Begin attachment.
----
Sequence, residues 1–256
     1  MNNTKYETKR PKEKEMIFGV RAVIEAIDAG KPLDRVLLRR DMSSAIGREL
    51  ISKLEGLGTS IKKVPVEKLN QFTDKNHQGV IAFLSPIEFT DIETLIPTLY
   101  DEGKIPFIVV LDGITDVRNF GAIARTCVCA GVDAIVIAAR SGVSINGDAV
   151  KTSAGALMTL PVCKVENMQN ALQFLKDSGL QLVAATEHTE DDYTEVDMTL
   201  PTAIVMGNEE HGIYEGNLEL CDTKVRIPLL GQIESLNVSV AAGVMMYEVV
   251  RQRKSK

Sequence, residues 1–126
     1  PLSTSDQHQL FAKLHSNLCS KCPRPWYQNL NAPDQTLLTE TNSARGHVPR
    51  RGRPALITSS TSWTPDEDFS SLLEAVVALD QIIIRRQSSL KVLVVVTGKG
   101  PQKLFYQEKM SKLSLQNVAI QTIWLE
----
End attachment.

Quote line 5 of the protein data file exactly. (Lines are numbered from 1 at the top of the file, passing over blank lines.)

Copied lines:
   151  KTSAGALMTL PVCKVENMQN ALQFLKDSGL QLVAATEHTE DDYTEVDMTL